In a new paper in Nature Geoscience , DCO researchers report the surprising news that iron in the mantle may become more oxidized at deeper levels. DCO members Kate Kiseeva (University of Oxford, UK), Thomas Stachel (University of Alberta, Canada), Aleksandr Chumakov, Valerio Cerantola (both at European Synchrotron Radiation Facility, France), Jeff Harris (University of Glasgow, UK), Catherine McCammon, and Leonid Dubrovinsky (both at Bayreuth University, Germany), analyzed the oxidation state of iron from garnets. The garnets formed in the mantle between 240 and at least 500 kilometers deep and traveled to the surface as inclusions within diamonds. The researchers suspect that the increasing oxidation of iron in garnets with depth is due to oxidized carbonate compounds that react with iron and form diamonds.
Inclusions within diamonds offer the rare opportunity to peek into conditions in the mantle where diamonds formed. “The majority of samples that scientists recover from the mantle are coming from the upper mantle, at depths shallower than 200 kilometers,” said Kiseeva. “Because diamonds may also originate at greater depths, including the transition zone (410 to 660 kilometers) and lower mantle (660 to 2,900 kilometers), sometimes they encapsulate inclusions from different materials that reside at those very deep levels.” Diamonds containing inclusions are rare, however, comprising just 2% of all diamonds mined, and diamonds from the transition zone are even rarer.
The current study began when Kiseeva met Dubrovinsky at a conference and he told her about a new technique that could analyze the oxidation state of iron present in an inclusion, even tiny ones measuring just 200 to 300 microns in diameter. Iron is the only abundant element in the mantle with multiple oxidation states, so it can act as an indicator for different parts of the mantle.
At the European Synchrotron Radiation Facility, Kiseeva and colleagues used synchrotron Mössbauer source spectroscopy to analyze garnet inclusions in a set of diamonds from the Jagersfontein Mine in South Africa. This technique measures minuscule changes in the energy levels of iron atoms as they absorb gamma rays, thus revealing the oxidation state of iron atoms from garnet inclusions. The researchers also used X-ray diffraction, which measures how atoms within a crystal scatter a beam of X-rays, to verify that all of the inclusions were an ultra-high pressure form of garnet called majorite.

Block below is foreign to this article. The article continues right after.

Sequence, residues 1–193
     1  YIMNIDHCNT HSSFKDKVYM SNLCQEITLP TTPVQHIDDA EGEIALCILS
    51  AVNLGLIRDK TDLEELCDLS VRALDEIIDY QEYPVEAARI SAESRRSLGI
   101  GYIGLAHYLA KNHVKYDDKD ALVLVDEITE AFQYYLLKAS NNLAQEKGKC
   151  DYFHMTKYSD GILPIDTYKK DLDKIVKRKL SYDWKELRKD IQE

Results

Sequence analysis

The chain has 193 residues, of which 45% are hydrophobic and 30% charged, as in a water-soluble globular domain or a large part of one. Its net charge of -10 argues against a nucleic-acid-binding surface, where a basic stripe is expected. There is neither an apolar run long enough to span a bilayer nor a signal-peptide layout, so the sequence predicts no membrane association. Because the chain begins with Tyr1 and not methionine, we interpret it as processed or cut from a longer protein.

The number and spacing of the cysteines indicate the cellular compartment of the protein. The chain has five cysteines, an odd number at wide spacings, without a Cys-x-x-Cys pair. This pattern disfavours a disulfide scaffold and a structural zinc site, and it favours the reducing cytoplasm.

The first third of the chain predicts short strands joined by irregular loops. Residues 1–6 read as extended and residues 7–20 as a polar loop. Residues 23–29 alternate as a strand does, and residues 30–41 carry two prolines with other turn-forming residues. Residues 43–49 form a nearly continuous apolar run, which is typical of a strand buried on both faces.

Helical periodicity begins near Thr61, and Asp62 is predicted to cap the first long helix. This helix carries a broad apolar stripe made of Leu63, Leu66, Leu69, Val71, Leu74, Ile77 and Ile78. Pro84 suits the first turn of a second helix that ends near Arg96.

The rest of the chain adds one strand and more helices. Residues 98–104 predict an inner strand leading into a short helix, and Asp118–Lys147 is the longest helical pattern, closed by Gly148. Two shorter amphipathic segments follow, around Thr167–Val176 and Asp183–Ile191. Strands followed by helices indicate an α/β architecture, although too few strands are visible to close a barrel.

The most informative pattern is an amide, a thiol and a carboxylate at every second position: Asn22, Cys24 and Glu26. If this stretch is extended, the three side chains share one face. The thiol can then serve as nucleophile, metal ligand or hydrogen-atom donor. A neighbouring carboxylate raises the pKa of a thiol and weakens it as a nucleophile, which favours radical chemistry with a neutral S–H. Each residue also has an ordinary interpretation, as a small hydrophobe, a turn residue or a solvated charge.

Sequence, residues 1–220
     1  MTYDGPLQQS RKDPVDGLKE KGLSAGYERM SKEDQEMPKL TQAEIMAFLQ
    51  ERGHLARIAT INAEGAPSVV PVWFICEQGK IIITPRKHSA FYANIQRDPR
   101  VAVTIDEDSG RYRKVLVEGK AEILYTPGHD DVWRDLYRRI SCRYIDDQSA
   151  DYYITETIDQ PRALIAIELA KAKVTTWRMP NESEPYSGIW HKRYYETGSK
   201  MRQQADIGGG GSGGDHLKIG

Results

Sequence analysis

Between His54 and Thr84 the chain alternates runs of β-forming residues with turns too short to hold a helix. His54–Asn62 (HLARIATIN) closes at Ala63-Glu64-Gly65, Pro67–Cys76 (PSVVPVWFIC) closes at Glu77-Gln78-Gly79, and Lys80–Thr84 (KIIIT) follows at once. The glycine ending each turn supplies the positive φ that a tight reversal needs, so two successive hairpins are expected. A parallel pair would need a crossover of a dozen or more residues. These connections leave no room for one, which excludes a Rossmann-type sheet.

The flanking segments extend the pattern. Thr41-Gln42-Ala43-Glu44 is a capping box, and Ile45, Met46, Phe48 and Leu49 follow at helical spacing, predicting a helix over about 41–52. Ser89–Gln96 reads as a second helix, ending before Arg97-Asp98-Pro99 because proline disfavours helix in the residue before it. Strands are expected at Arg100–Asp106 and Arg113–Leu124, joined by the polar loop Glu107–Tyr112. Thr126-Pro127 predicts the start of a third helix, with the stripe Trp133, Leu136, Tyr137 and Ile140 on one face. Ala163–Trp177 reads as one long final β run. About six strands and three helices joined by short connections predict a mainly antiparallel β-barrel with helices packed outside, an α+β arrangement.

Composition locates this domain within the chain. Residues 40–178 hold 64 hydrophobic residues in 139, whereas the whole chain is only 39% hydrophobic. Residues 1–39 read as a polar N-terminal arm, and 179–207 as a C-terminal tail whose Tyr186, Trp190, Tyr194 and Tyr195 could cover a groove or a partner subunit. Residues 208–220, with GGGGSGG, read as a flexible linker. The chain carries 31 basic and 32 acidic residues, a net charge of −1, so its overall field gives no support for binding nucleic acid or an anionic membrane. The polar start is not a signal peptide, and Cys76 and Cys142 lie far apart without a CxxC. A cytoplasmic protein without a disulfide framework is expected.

Counterintuitively, the garnets contained higher percentages of the most oxidized form of iron the deeper they formed in the mantle. Garnets from 500 kilometers, for example, had twice as much oxidized iron as garnets from the shallow mantle.
The researchers speculate that the carbon compounds in fluids or melted rock may be responsible for this surprisingly high level of oxidation deep in the mantle. “Carbon plays an important role in oxidizing iron in the mantle transition zone,” said Kiseeva. “The reaction has oxidized iron, while simultaneous reducing carbon from carbonate into diamonds.”
Kiseeva cautions that the scarcity of these minerals hampers investigations into the lower parts of the mantle. “We still have only about 100 crystals from the mantle transition zone,” she said. “That’s really nothing.” She looks forward to the discovery and analysis of new samples. Kiseeva plans to continue working with colleagues at the European Synchrotron Radiation Facility, who have obtained a new set of iron-containing garnet inclusions that come from the Argyle diamond mine in Western Australia.